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  • $\begingroup$ Actually, your hypothetical question about flat earth plus newtonian physics, as stated in your answer (without additional context), might also be closed as off topic. If you specified, in the question, things like which specific aspects of newtonian physics were to be kept, and structural information about the flat earth, etc., that would provide the context to avoid that closure. Similarly, if context were provided regarding which aspects of Lamarckism and Genetics were required to be kept, and which were optional, and for what purpose, the OP's original question might have avoided closure $\endgroup$
    – Harthag
    Jan 18 at 18:20
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    $\begingroup$ @Harthag I can't fledge out a full question for the sake of keeping it short. However, and contrary to a recent meta-question about comparing bullets, the closure reason should not have been off-topic. It's very misleading, since there are clear worldbuilding elements which goes beyond "I'm building a world". This can make people think such questions are forbidden while -as you said- more context and constraints would be enough to keep it here. $\endgroup$
    – Tortliena
    Jan 23 at 23:57
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This question should be welcomed as a creative exercise in constructing the philosophical background of a scenario. We should have done great things with it as is - as per my comment, I was ready to try.

That said, it could at least be argued that this one really did run afoul of ground rules rather than being closed for being excessively creative or for touching on sensitive political issues that have long overshadowed Western genetics. The question asks about any possible combination of two vaguely defined real-world theories, without laying markers concerning which way you want to go. It's a question about "many worlds" rather than one world. Now it is fun for me to talk about pol theta, methylation and miRNAs, but I did sort of ignore the "fluid" bit, because it seems incidental in my mind. And while having a wide-ranging creative session would be satisfying, having the close voters go after hundreds of Lamarck-related threads as "duplicates" of this one would be frustrating.

Give us an organism, with a history to explain. (Why do I have a feeling it will be a fish?) Tell us what is known about its evolutionary history, and its DNA, and perhaps your in-world researchers' theories, and ask us how to explain that. The "close votes" are an unnecessary, unjustifiable pox on this site, but they should be opposed on more favorable ground.

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In addition to the answers that have been provided:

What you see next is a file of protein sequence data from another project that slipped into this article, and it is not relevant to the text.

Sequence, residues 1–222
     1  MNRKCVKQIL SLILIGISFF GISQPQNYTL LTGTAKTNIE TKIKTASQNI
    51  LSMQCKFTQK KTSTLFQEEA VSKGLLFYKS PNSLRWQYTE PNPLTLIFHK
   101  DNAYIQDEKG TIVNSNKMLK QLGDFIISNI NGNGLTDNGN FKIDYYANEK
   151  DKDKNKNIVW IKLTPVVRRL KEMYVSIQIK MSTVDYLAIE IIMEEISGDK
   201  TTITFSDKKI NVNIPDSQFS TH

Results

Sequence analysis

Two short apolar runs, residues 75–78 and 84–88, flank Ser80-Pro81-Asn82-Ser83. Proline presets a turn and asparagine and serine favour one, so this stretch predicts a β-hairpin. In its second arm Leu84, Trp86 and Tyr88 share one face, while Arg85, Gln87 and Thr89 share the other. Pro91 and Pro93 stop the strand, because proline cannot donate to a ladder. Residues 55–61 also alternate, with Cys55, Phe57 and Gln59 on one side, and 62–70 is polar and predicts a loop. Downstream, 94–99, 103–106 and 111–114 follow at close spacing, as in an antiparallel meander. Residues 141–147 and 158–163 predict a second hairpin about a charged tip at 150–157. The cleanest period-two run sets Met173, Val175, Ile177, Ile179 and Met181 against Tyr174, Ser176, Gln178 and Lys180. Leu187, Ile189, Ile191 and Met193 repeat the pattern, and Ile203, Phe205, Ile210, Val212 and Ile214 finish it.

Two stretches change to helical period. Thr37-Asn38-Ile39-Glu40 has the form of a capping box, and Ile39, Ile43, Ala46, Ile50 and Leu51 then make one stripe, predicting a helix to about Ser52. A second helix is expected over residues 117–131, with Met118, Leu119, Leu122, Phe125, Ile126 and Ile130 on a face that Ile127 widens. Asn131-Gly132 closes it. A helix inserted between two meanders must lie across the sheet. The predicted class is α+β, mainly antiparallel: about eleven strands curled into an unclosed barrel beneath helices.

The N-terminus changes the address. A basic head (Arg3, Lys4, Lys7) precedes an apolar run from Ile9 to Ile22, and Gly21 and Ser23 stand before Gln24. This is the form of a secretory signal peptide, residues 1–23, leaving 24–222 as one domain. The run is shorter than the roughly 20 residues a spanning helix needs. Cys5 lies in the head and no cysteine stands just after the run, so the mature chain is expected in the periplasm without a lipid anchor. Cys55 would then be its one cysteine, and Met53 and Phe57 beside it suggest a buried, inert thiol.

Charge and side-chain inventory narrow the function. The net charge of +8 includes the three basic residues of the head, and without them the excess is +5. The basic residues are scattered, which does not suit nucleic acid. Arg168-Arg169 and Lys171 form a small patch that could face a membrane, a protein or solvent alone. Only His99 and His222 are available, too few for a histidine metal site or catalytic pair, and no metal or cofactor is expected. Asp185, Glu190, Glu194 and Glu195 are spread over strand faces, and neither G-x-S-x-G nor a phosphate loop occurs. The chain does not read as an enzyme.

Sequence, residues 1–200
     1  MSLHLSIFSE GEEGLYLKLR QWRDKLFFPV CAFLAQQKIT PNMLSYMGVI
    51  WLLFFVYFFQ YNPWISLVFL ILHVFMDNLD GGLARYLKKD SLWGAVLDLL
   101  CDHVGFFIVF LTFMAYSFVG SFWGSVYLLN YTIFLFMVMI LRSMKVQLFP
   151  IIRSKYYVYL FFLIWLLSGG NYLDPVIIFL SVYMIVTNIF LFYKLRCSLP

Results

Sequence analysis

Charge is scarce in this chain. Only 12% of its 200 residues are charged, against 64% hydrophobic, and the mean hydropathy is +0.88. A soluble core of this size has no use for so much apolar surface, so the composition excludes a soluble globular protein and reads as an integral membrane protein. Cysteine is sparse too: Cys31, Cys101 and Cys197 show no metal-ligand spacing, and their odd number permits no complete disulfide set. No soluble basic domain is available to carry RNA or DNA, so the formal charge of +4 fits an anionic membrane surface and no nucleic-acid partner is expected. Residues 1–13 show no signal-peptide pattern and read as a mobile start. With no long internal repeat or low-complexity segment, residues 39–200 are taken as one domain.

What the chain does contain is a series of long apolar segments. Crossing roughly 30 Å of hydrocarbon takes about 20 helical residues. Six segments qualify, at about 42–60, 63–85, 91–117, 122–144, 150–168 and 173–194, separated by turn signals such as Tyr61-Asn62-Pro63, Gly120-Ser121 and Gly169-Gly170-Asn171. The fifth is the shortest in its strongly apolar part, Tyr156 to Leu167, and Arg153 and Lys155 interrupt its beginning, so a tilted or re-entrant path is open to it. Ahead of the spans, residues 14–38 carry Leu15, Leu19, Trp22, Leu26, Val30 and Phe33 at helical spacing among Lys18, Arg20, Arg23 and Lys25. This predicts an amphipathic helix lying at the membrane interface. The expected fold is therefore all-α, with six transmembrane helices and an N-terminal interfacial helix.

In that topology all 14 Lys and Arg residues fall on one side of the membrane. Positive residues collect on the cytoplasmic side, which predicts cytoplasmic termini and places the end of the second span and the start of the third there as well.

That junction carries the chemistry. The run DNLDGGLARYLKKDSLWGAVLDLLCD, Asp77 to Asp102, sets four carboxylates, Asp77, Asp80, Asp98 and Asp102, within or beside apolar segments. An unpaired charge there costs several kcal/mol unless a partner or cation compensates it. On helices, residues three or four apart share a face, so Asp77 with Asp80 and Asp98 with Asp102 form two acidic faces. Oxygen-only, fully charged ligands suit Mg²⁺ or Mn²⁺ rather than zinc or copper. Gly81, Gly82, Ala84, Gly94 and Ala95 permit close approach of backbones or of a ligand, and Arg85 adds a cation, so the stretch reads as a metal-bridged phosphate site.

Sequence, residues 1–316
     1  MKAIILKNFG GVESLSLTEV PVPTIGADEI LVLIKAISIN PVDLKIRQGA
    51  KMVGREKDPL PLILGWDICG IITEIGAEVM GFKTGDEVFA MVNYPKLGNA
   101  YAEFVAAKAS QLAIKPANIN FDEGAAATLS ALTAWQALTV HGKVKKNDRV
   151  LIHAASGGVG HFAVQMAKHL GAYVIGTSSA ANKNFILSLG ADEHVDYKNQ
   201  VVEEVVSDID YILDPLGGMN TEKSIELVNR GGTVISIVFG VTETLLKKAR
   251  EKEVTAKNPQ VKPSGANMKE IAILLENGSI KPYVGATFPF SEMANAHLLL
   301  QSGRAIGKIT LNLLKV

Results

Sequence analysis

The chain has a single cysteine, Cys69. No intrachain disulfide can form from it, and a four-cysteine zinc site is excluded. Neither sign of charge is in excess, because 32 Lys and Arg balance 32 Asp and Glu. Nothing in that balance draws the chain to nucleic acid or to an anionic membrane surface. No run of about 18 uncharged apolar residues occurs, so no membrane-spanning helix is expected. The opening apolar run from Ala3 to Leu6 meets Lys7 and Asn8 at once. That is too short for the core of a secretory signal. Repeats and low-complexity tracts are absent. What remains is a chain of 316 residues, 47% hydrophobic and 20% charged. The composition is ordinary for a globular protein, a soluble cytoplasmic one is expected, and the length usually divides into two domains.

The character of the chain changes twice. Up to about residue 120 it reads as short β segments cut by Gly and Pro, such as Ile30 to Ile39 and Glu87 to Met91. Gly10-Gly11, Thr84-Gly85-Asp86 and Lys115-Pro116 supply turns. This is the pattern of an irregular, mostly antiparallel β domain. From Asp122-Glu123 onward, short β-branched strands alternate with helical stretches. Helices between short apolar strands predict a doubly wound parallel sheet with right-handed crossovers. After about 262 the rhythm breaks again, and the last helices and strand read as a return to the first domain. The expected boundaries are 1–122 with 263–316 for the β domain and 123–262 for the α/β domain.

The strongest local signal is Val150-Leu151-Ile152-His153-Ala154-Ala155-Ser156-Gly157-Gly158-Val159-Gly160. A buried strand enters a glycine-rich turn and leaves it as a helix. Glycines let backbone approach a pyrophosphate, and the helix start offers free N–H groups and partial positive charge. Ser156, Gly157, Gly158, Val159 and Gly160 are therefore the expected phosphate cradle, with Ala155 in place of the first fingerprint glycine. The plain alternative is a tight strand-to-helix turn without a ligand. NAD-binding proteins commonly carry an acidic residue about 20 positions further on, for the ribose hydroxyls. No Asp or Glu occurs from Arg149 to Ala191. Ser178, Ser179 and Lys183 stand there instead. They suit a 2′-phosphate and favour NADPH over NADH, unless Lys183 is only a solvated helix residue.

Stack Exchange is not a discussion forum.

The Help Center is clear about questions: they must be specific and solve a real, existing, and definable problem. Had you tried to explain how you tried to harmonize Lamarckism with the systems of Genetics, why you weren't able to do it, what specific help you needed to continue your efforts, and why you were doing it (e.g., your expectations, goals, etc), then the question would have been entirely on-topic.

You didn't do any of that. You just threw a topic into the ring and expected a discussion to commence.

Which is specifically off-topic.

Having said all that, we are flexible when it comes to just how specific a question must be because this is a creative site and some questions simply can't be narrowed down without help. But we're not willing to open the floodgates, which is why we have the Sandbox, The Factory Floor, and why we've drawn lines in the sand such as our distaste for High Concept Questions.

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Interesting science philosophy question

You asked about a merger of two stages of development of a science, 150 years apart. That is a difficult one, certainly in this case. Lamarckism (evolution equals improval) got falsified by natural selection (evolution equals chance) , which was again confirmed by genetics. When would science maintain, or suddenly accept claims falsified by Darwin, 50 years and 150 years later ?

I would have put this answer, if I would have had the chance to do so. I could not.

Bad luck, there is a WB close reason

To be honest I didn't see many connections with WB either. There was a close reason. I did not vtc along, because I found the question interesting and I was curious if more answers would arrive. So I am a bad bad bad SE moderator.

Closures sometimes proceed very quickly